The amino-terminal half of Ajuba contained two proline-rich regions that correspond to potential SH3 recognition motifs (Fig. (Fig.1)1) (1, 15). To determine if cytosolic SH3-containing proteins might associate with Ajuba, we added various SH3-containing GST fusion proteins to ES cell extracts. Following incubation, the GST fusion proteins were isolated with glutathione-agarose, the products were separated by SDS-PAGE and transferred to nitrocellulose, and immunoblotting with anti-Ajuba antiserum was performed. This in vitro analysis demonstrated that Grb2 (Fig. (Fig.5A,5A, lane 3) and related Grap (14) (Fig. (Fig.6)6) associated with Ajuba, whereas GST alone, GST-Nck, GST-Lck, and GST-Vav did not (Fig. (Fig.5A,5A, lanes 2 and 4 to 6).

FIG. 6
The pre-LIM domain of Ajuba and the SH3 domains of Grb2 mediate the association of Ajuba and Grb2. (A) Extracts from approximately 10 million 3T3.PreLIM Ajuba cells (lanes 2 to 5) or 3T3.LIM Ajuba cells (lanes 7 to 10) were incubated with approximately ...

To determine if Ajuba and Grb2 associated in vivo, 3T3 cells containing Myc-Ajuba were deprived of serum overnight and then stimulated with serum for 15 min. Detergent-soluble cell extracts were prepared and immunoprecipitated with anti-Grb2 antiserum followed by immunoblotting of products with anti-Myc antiserum. This in vivo analysis indicated that cellular Ajuba associated with Grb2 following serum stimulation (Fig. (Fig.5B,5B, lane 4), whereas under these conditions no association was detected in cells starved of serum (Fig. (Fig.5B,5B, lane 3). This analysis was also carried out in ES and F9 cells, which contain endogenous Ajuba. As observed with 3T3.Ajuba cells, expressing exogenous Ajuba, there was an association between Ajuba and Grb2 (data not shown). Thus, Ajuba associated with Grb2 in vitro, and more importantly, in vivo.

The association between Ajuba and Grb2 was mediated by the N-terminal pre-LIM domain of Ajuba and either SH3 domain of Grb2.

To more precisely define the regions of Ajuba required for the interaction with Grb2, we performed in vitro pull-down experiments. Purified GST-Grb2 and GST-Grap fusion proteins were added to extracts from Myc–pre-LIM Ajuba-containing 3T3 cells or Myc-LIM Ajuba-containing 3T3 cells. As negative controls, GST alone and GST-Vav fusion proteins were added to the same cell extracts. Results of these experiments are presented in Fig. Fig.6A.6A. GST-Grb2 and GST-Grap interacted with the pre-LIM domain of Ajuba (lanes 3 and 4). There was no interaction between GST-Grb2 or GST-Grap and the LIM domains of Ajuba (lanes 8 and 9). GST alone (lanes 2 and 7) or GST-Vav fusion protein (lanes 5 and 10) did not interact with either domain of Ajuba. Next, GST-Ajuba, GST–pre-LIM Ajuba, and GST-LIM Ajuba fusion proteins were added to F9 cell extracts and following incubation were isolated by incubation with glutathione-agarose beads. Bound products were separated by SDS-PAGE, transferred to nitrocellulose, and immunoblotted with anti-Grb2 antiserum. Results of these experiments are presented in Fig. Fig.6B.6B. GST-Ajuba and GST–pre-LIM Ajuba bound Grb2 (lanes 3 and 4), whereas GST alone and GST-LIM domains of Ajuba did not (lanes 2 and 5). These analyses demonstrated that it was the pre-LIM domain of Ajuba, not the LIM domains, that mediate the interaction with Grb2.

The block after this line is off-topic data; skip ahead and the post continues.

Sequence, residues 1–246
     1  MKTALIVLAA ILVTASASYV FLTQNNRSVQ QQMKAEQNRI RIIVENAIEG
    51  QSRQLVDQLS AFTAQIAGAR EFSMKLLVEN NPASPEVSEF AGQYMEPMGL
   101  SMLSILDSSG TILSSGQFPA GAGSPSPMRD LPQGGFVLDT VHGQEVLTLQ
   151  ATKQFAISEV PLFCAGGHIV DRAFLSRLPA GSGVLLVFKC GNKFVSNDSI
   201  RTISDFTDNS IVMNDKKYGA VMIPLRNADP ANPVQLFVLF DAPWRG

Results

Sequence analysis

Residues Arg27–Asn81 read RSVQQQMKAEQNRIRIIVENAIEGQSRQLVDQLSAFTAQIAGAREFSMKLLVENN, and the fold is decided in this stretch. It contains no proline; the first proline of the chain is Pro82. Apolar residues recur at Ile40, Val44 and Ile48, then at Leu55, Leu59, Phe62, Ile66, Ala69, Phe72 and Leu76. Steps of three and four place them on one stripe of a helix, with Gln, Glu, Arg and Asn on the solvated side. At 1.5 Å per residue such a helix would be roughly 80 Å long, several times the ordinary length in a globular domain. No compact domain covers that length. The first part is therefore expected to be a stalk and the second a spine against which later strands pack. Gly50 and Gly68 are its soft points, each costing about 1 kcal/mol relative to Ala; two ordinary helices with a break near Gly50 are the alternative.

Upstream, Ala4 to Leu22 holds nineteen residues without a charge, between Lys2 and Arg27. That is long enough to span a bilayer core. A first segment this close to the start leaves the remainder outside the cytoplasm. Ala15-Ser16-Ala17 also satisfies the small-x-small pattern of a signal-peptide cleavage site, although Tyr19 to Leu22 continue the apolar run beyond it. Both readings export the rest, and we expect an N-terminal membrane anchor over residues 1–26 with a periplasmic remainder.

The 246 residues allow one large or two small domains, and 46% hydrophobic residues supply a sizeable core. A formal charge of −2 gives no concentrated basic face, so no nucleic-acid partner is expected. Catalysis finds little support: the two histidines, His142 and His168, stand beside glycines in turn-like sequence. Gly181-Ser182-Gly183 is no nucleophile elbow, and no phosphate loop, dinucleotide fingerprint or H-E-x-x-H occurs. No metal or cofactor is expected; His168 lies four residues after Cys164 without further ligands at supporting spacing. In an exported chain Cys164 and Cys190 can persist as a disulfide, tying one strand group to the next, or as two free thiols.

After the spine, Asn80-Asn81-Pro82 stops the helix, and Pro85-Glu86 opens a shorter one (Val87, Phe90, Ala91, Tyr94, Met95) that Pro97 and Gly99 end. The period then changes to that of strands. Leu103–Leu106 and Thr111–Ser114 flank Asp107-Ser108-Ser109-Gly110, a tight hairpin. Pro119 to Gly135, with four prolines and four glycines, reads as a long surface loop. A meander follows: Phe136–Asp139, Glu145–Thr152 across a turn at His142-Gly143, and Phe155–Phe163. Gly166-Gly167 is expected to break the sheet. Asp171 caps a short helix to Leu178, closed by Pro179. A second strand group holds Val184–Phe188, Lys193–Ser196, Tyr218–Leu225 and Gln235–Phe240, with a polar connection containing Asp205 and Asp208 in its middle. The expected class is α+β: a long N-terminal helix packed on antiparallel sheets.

We next determined which domains of Grb2 or Grap interact with Ajuba. GST fusion proteins containing full-length Grb2, Grb2 with inactivating mutations in the C-terminal, N-terminal, or both SH3 domains (36), full-length Grap, the N-terminal SH3 domain of Grap, or the C-terminal SH3 domain of Grap (14) were added to cell extracts from 3T3 cells containing Myc-tagged pre-LIM Ajuba. Anti-Myc immunoblotting of bound products was performed. Results of this experiment are presented in Fig. Fig.6C.6C. For an interaction between Grb2 or Grap and pre-LIM Ajuba to occur, a functional SH3 domain, either N terminal (lanes 5 and 8) or C terminal (lanes 4 and 9) or both (lanes 3 and 7), was required. When both SH3 domains of Grb2 were nonfunctional, pre-LIM Ajuba did not bind (lane 6). This result demonstrated that either SH3 domain of Grb2 could mediate the interaction between Grb2 and Ajuba.

Ajuba expression enhances MAP kinase activity.

Grb2 is an adapter protein that couples signals from activated cell surface growth factor receptors or other activated cytosolic signaling intermediates to the activation of Ras and subsequently to MAP kinase activation (24). To determine if the interaction between Ajuba and Grb2 is functionally significant, we tested whether expression of Ajuba could affect MAP kinase activity.